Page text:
Music to Our Ears: 13 Films Focusing on Music at Sundance 2014
Everyone knows how important music can be to the mood of a movie, but these 13 films go beyond that, focusing on the madness and genius of music itself&mdashthe comedic absurdity (Frank) and the coming-of-age fantasy (God Help the Girl), the healing (Alive Inside: A Story of Music and Memory) and the heartbreak (Low Down).
1. 20,000 Days on Earth
Drama and reality combine in a fictitious 24 hours in the life of musician and international culture icon Nick Cave. With startlingly frank insights and an intimate portrayal of the artistic process, this movie examines what makes us who we are and celebrates the transformative power of the creative spirit.
2. Alive Inside: A Story of Music & Memory
Five million Americans suffer from Alzheimer’s disease and dementia—many of them alone in nursing homes. A man with a simple idea discovers that songs embedded deep in memory can ease pain and awaken these fading minds. Joy and life are resuscitated, and our cultural fears over aging are confronted.
3. Finding Fela
Fela Anikulapo Kuti created the musical movement Afrobeat and used it as a political forum to oppose the Nigerian dictatorship and advocate for the rights of oppressed people. This is the story of his life, music and political importance.
Frank is an offbeat comedy about a wannabe musician (Domhnall Gleeson) who finds himself out of his depth when he joins an avant-garde rock band led by the enigmatic Frank (Michael Fassbender)—a musical genius who hides himself inside a large fake head.
5. God Help the Girl
This musical from Stuart Murdoch of Belle & Sebastian is about some messed up boys and girls (Emily Browning, Olly Alexander, Hannah Murray and Pierre Boulanger) and the music they made.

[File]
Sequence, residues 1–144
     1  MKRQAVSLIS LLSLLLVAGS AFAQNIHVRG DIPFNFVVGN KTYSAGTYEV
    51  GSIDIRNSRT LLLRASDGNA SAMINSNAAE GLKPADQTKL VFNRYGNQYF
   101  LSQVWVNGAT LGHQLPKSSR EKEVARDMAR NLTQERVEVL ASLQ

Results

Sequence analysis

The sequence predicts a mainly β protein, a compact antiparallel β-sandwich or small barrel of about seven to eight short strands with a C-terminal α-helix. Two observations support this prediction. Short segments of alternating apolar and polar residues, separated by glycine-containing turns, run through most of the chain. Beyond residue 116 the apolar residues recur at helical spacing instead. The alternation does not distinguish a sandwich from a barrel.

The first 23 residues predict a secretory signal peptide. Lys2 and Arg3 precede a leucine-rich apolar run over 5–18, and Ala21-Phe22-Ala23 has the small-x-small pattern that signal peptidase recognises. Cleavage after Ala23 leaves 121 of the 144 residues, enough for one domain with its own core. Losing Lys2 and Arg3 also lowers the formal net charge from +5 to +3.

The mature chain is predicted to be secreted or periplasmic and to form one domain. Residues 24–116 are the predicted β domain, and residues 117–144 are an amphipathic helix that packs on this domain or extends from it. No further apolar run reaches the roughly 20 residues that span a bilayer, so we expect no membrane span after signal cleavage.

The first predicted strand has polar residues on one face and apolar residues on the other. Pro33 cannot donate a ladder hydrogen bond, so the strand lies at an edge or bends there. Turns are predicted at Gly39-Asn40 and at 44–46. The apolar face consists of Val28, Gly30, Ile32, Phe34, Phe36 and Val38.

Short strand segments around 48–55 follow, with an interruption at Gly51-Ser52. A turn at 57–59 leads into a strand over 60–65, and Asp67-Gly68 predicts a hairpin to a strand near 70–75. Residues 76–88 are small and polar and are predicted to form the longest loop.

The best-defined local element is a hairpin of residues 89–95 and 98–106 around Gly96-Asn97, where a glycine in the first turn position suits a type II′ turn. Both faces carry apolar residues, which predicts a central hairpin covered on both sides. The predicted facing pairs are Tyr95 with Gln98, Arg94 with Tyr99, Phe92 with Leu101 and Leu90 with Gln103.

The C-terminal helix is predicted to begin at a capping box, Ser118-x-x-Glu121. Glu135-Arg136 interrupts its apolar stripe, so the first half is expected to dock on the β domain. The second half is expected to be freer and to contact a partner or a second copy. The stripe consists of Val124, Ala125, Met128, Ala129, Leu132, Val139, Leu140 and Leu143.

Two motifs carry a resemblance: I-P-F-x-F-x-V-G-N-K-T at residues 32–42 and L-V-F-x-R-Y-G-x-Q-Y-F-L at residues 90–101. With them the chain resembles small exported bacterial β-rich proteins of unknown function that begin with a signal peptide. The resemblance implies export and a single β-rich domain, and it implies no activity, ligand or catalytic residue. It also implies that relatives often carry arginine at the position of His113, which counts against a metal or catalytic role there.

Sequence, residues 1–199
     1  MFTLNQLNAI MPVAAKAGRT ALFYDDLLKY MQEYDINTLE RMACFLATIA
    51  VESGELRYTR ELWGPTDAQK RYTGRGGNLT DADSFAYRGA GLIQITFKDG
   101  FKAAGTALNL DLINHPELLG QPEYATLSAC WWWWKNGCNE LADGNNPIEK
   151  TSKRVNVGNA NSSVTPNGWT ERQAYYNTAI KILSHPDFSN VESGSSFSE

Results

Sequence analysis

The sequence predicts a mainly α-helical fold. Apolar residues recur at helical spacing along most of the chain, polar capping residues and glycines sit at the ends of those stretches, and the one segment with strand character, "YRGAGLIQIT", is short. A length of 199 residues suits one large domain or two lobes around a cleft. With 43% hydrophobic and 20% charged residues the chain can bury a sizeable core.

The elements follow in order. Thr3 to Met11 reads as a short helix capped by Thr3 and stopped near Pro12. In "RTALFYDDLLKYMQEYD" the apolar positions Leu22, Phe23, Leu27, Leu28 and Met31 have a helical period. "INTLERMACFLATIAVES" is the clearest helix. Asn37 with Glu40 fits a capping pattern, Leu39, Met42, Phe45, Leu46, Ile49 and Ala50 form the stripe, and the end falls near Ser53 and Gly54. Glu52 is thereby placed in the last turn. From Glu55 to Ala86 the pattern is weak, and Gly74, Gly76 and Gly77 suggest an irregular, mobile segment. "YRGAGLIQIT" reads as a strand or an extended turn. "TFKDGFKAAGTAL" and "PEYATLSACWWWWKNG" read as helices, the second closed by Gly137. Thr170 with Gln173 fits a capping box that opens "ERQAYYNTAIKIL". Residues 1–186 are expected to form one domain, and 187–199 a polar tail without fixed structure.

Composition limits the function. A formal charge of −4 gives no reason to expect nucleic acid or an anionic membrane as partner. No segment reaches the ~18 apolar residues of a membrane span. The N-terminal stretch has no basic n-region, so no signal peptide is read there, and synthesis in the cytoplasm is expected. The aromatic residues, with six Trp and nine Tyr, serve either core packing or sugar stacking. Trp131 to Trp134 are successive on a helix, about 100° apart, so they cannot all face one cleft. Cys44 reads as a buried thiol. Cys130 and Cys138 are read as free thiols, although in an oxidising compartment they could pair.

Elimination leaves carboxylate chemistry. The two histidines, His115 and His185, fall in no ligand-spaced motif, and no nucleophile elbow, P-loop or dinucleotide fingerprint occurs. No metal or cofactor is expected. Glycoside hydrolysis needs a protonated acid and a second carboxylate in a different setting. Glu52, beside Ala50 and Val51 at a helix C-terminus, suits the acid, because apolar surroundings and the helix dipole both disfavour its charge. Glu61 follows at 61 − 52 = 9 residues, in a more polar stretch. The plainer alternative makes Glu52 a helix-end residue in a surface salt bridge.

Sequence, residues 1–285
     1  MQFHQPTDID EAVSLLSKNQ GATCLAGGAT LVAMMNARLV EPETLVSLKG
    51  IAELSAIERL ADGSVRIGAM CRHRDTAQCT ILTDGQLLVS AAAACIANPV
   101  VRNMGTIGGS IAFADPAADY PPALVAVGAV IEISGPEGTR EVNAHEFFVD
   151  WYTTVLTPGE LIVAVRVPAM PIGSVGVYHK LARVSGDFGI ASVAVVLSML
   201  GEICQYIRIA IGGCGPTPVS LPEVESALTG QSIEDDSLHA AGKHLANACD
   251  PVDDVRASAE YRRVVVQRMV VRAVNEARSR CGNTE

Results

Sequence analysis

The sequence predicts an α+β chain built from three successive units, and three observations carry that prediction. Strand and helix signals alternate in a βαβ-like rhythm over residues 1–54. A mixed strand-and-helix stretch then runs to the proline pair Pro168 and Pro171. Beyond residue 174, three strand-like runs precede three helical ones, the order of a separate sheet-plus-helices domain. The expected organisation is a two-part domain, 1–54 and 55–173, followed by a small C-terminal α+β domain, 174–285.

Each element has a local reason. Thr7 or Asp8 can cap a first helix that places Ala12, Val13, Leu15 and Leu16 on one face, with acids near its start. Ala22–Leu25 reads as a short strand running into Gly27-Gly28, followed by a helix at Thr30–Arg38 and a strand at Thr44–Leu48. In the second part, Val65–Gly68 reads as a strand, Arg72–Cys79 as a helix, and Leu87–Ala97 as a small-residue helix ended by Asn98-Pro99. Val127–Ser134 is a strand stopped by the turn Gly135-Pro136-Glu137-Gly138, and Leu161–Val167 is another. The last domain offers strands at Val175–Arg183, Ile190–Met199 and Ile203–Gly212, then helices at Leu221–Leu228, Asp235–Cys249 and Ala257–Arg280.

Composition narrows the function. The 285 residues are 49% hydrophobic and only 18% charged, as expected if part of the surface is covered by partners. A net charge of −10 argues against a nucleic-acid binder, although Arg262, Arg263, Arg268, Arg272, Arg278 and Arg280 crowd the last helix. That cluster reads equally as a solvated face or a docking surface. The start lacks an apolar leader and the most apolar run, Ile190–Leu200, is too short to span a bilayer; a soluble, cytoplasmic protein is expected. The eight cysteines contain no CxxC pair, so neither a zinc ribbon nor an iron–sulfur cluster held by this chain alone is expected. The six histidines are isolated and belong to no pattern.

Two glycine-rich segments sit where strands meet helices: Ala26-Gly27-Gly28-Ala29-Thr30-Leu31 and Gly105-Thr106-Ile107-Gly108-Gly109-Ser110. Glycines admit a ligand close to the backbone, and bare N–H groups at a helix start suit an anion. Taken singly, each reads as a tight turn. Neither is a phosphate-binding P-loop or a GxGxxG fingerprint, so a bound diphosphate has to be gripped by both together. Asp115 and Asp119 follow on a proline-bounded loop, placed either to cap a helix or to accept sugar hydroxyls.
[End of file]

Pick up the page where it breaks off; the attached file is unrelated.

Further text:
6. Low Down
Based on Amy Jo Albany’s (Elle Fanning) memoir, Low Down explores her heart-wrenching journey to adulthood while being raised by her father, bebop pianist Joe Albany (John Hawkes), as he teeters between incarceration and addiction in the urban decay and waning bohemia of Hollywood in the ’70s.
A strange singer (Willis Earl Beal) drifts through the mythic city of Memphis, surrounded by beautiful women, legendary musicians, a stone-cold hustler, a righteous preacher and a wolf pack of kids. Under a canopy of ancient oak trees and burning spirituality, his doomed journey breaks from conformity and reaches out for glory.
8. My Prairie Home
A poetic journey through landscapes both real and emotional, Chelsea McMullan’s documentary/musical offers an intimate portrait of transgender singer Rae Spoon, framed by stunning images of the Canadian prairies. McMullan’s imaginative visual interpretations of Spoon’s songs make this an unforgettable look at a unique Canadian artist.
When a grieving father (Billy Crudup) in a downward spiral stumbles upon a box of his deceased son’s original music, he forms a rock ‘n’ roll band, which changes his life.
Estranged from her family, Franny (Anne Hathaway) returns home when an accident leaves her brother (Ben Rosenfield) comatose. Retracing his life as an aspiring musician, she tracks down his favorite musician, James Forester (Johnny Flynn). Against the backdrop of Brooklyn’s music scene, Franny and James develop an unexpected relationship and face the realities of their lives.
11. This May Be The Last Time
Filmmaker Sterlin Harjo’s Grandfather disappeared mysteriously in 1962. The community searching for him sang songs of encouragement that were passed down for generations. Harjo explores the origins of these songs as well as the violent history of his people.
12. Under The Electric Sky (EDC 2013)
This 3-D movie chronicles the love, community and life of festival goers during Electric Daisy Carnival Las Vegas, the largest music festival in the U.S. Behind-the-scenes footage and exclusive interviews with Insomniac’s Pasquale Rotella reveal the magic that makes this three-night, 345,000-person event a global phenomenon.
Under the direction of a ruthless instructor, a talented young drummer (Miles Teller) begins to pursue perfection at any cost, even his humanity.